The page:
Channel 19

Todd Dills

‘The center cannot hold’ — FMCSA’s hours quandary

| May 11, 2011

There is a growing feeling among industry watchers that in order to fully settle the decidedly unsettled regulatory situation surrounding the hours of service, Congress is going to have to legislate a solution.

That sentiment has come to me from industry executives, consultants, former regulatory types and, in some senses, drivers. Comments from owner-operators and others to the federal docket for the proposed hours changes have reflected a common feeling that the proposal, with its mandated breaks and extra two hours a couple times a week to accommodate for inefficient shippers, was woefully complex, so much so that compliance would be an added hurdle to for any legal hauler, even using an electronic logging device that partially automates compliance.

And the questions still looming are many — will FMCSA reduce driving hours to 10 from 11, as they said in the proposal they had a preference for doing? And never mind the July 2011 deadline for a final rule imposed on the agency by the court in settlement with safety groups back in December 2009. The latest news, of course, is that FMCSA has jumped that deadline before it ever arrived, requesting further comment on four additional studies recently added to the docket.

Take heart at least that one of those studies, “The Impact of Driving, Non-Driving Work, and Rest Breaks on Driving Performance in Commercial Motor Vehicle Operations,” conducted by the Virginia Transportation Research Institute, can be read at least in part as providing underpinning for potentially keeping the 11th hour of driving. “The results of this analysis found no statistically significant effect for the 11th driving hour,” it reads in part. “In particular, and of primary interest for this study, the 11th driving hour did not present an increase in risk of [safety-critical event] occurrence as compared to the 8th, 9th, or 10th driving hours.”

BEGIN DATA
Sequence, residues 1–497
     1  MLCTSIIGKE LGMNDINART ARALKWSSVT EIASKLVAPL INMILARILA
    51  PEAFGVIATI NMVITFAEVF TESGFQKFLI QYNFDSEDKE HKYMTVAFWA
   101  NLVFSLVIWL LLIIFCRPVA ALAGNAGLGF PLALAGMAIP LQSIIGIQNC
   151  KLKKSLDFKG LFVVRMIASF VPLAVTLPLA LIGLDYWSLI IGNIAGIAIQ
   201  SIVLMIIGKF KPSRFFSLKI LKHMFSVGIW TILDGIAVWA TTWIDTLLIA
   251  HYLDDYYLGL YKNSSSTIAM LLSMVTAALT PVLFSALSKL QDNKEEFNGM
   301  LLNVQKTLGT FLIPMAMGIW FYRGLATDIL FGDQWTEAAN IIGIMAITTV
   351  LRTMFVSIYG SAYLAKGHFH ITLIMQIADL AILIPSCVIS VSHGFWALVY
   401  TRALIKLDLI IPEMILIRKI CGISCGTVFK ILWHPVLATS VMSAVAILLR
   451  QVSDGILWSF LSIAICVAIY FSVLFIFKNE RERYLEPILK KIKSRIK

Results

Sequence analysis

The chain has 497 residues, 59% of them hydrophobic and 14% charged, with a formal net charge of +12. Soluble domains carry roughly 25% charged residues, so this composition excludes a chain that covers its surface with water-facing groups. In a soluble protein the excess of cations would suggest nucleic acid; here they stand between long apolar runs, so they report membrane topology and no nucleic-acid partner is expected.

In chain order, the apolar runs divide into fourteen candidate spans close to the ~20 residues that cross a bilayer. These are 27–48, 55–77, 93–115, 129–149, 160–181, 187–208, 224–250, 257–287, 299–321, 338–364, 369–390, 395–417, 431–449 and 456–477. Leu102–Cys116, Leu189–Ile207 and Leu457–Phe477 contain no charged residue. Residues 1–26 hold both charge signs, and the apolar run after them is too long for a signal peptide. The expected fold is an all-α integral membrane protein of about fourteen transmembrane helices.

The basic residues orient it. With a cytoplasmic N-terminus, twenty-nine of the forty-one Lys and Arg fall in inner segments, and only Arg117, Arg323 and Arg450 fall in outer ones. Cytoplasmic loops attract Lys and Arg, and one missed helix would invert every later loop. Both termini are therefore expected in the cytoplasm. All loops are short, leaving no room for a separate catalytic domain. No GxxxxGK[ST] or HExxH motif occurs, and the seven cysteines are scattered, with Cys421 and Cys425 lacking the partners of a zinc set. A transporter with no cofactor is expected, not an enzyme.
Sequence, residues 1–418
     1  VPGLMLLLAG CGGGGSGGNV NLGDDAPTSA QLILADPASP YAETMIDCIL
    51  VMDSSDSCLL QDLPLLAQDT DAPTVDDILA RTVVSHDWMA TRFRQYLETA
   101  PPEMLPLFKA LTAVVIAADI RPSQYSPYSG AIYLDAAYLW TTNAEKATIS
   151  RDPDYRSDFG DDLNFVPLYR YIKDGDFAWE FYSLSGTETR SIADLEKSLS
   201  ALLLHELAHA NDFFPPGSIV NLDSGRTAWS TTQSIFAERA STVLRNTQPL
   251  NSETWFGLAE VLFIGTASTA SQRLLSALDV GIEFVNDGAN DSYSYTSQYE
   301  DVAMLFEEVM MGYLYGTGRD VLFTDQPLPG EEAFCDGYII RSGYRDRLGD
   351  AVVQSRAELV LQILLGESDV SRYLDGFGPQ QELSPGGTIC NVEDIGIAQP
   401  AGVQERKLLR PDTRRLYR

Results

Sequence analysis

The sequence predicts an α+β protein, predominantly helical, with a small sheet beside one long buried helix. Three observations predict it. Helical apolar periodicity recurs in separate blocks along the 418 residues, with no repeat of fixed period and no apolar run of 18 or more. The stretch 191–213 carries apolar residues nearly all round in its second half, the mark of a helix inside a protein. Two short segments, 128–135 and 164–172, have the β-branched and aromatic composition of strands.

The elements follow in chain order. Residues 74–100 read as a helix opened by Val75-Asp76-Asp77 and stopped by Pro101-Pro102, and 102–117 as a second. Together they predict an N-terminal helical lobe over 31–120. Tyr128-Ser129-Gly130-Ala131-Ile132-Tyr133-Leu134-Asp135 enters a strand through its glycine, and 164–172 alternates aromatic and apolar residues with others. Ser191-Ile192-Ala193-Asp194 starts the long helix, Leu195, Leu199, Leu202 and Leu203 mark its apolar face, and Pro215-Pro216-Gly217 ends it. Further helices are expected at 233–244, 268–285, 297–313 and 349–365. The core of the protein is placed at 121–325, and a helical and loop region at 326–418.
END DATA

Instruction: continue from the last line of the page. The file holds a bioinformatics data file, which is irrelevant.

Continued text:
The other study that deals with truck drivers (two of the four studies added to the docket for comment dealt by contrast with bus drivers), “Hours of Service and Driver Fatigue-Driver Characteristics Research,“ conducted by the Larson Transportation Institute of Penn State University and published just this month, spent a great deal of effort looking at the restart provision, concluding there was significant coincidence of use of the 34-hour restart and crashes – truckload drivers are, the study finds, in some senses more likely to get in a crash after taking a 34-hour restart than after a normal start of day. In another part of the study, there seem to be conclusions made that are directly contrary to the Virginia conculsions about the 11th hour.

In any case, the American Trucking Associations has contended the cost-benefit analysis underpinning the new rule is based on borderline fradulent math, and if that’s true, well… Let’s just say I haven’t come to any firm conclusions about FMCSA’s intent with new studies. I’m curious to hear from any drivers with thoughts on the subject. Hit me with an email (tdills [at] rrpub [dot] com) or make notes in the comments below this post.

Watching the hours proceedings play out lately, though, I’ve definitely been reminded of that classic of 1960s-generational literature, the nonfiction Slouching Towards Bethlehem, by Joan Didion, in which she describes the evolving moral underpinnings of U.S. culture and their then fracturing, the title’s metaphor itself borrowed from Irish poet William Butler Yeats’ “Second Coming” poem…. “Things fall apart; the centre cannot hold…” By attempting to please everybody, FMCSA’s ultimately missed what center there may be between the perspective of the safety groups and industry and have just made both sides upset.

It seems that no matter what final rule emerges from the latest round of changes, lawsuits will emerge. The reason, perhaps, is that there is no political center to be had, the only center in reality being that of the status quo of the current regulations. Which, for all their flaws, seem at least to be creating an environment toward achieving that ultimate regulatory goal, preventing highway crashes ….